Price v. SchroederAnnotate this Case
LUTHER A. PRICE, Appellant, v. WALTER J. SCHROEDER, Respondent.
C. H. Van Winkle for Appellant.
Luce, Forward & Swing, Fred Kunzel and Herbert Kunzel for Respondent. [35 Cal. App. 2d 701]
Barnard, P. J.
This is an action for damages for injuries received by the plaintiff while riding in an automobile as a guest of the defendant. The complaint contained two causes of action, one alleging intoxication of the defendant and the other wilful misconduct. The answer alleged that the plaintiff did not exercise ordinary care or prudence to avoid the accident and that his resulting injuries were directly and proximately contributed to and caused by his own fault and negligence. During the trial the first cause of action, based upon intoxication, was dismissed.
Findings of fact were signed and filed on November 25, 1938, and on the same day a judgment was entered in favor of the defendant. The plaintiff moved for a new trial and in denying that motion and "as a part of said order" the court, after stating that the findings of fact and conclusions of law had been inadvertently signed, directed that they be amended and changed in certain respects as set out in the order. The amended findings were filed on January 31, 1939, and on the same day a judgment was entered in favor of the defendant. The plaintiff again moved for a new trial, which motion was denied, and this appeal was taken from the second judgment.
In the amended findings it is found that at about 4:20 o'clock A. M. on January 1, 1938, the plaintiff was riding as a guest in an automobile which was being driven along a certain highway by the defendant. It is then found as follows:
"That it is true that at said time and place, said defendant continued to drive his said automobile after he had knowledge of the fact that he was in a sleepy and drowsy condition, and that it is true that a short time prior to the accident in question, and while driving his said automobile, the defendant had become drowsy, and that it is true that the accident in question resulted by reason of the fact that the defendant had gone to sleep, and thereby allowing said car to run into a telephone pole on the right hand side of the road.
"That it is true that the plaintiff had knowledge of the fact that the defendant had been working at his place of [35 Cal. App. 2d 702] business on the day preceding the accident, and that the plaintiff had knowledge that the defendant had not had any sleep from approximately 7 o'clock a. m. on the day preceding the accident up to the time of said accident. That between approximately 8 o'clock p. m., and 11 o'clock p. m., on the night preceding the accident, the plaintiff served to the defendant and to three other members of the party at his home, more than five whiskey sours each; that during said time the plaintiff used approximately three pints of whiskey in the making of said whiskey sours. That most of said drinks were had before dinner. That the said party proceeded to Tia Juana and arrived at Tia Juana at approximately 12 o'clock m., and that between 12 o'clock m., and 4 o'clock a. m. the defendant consumed in plaintiff's presence approximately five glasses of beer, one whiskey sour, and one Scotch whiskey and soda. That it is true that the plaintiff should have had knowledge that because of defendant's activities and drinking the defendant in driving his car would have a tendency to become sleepy and drowsy, and that it is true that the injuries to plaintiff resulting from said accident were proximately caused by his own acts in serving liquor to defendant and drinking with defendant, and by his own carelessness and negligence in entering the said automobile with knowledge then and there of the facts hereinbefore found."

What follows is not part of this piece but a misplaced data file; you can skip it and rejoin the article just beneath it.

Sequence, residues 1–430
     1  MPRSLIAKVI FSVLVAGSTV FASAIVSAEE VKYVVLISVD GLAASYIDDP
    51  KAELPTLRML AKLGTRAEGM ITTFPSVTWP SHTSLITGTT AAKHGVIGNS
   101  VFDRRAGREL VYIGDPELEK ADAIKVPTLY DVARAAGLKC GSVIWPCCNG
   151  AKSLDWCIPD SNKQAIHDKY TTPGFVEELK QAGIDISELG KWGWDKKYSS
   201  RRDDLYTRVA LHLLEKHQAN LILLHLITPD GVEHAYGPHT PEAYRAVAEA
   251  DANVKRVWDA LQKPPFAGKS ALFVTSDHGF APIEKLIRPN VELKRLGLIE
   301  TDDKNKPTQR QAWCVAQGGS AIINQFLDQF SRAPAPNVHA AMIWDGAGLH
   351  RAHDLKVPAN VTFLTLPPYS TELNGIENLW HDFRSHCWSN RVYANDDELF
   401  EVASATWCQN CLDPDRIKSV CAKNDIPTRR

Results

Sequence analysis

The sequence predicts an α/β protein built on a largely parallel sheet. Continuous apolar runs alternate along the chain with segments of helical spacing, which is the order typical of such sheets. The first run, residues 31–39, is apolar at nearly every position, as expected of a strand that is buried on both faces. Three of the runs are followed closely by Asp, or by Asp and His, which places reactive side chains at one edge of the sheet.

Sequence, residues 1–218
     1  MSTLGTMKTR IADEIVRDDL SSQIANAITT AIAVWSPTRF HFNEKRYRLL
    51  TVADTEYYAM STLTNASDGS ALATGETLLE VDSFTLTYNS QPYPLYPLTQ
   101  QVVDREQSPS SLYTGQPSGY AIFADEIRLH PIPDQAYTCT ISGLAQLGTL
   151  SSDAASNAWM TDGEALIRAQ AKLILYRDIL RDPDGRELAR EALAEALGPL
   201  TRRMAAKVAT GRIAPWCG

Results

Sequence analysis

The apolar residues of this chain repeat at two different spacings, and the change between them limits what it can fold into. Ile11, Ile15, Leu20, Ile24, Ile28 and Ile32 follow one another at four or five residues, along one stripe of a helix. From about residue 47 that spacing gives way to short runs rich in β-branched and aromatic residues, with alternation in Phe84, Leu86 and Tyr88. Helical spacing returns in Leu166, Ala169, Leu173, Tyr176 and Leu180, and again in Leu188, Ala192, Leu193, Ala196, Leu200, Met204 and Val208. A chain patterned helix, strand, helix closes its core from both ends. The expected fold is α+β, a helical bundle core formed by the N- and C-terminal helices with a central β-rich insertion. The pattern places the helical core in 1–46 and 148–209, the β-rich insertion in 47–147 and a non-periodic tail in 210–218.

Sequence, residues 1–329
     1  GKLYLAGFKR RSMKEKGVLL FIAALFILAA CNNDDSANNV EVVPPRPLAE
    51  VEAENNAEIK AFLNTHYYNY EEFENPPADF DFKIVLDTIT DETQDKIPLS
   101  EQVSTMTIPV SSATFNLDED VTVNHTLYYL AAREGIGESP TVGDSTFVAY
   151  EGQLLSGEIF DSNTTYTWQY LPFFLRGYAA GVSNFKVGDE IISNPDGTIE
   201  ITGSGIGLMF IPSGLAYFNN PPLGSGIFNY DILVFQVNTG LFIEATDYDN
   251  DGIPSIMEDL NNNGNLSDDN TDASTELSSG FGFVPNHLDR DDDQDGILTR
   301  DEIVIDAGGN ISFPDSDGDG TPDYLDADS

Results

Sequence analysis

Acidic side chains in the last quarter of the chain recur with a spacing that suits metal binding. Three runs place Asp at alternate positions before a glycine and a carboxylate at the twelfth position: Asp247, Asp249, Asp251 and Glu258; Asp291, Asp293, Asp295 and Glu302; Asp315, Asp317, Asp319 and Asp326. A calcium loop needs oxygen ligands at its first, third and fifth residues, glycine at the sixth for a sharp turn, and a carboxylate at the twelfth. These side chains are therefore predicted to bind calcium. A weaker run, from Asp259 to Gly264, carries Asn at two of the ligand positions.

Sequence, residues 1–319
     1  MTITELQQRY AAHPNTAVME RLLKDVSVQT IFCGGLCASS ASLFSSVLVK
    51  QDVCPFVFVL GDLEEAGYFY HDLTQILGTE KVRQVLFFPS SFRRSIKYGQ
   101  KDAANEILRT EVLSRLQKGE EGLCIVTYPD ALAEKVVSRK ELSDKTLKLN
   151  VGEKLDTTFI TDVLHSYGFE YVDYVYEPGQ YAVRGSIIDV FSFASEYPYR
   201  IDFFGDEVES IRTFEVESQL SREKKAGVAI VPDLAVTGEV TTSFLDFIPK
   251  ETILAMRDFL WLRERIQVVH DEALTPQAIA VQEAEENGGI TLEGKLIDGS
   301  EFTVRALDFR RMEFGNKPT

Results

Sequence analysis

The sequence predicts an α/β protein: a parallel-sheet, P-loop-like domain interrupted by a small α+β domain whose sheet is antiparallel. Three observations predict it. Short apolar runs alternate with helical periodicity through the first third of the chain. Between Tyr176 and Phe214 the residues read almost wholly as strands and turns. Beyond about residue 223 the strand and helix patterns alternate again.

The conclusions of law are: That the accident resulted from the wilful misconduct of the defendant, that the plaintiff was guilty of contributory negligence, and that the plaintiff take nothing by reason of his complaint.
 The appellant first contends that the original findings did not support the original judgment and that the court was without power to amend or change the findings after a judgment had been entered. This contention is without merit in view of section 662 of the Code of Civil Procedure, adopted in 1929. (Spier v. Lang, 4 Cal. 2d 711 [53 PaCal.2d 138]; Bureau of Welfare, etc., v. Drapeau, 21 Cal. App. 2d 138 [68 PaCal.2d 998].)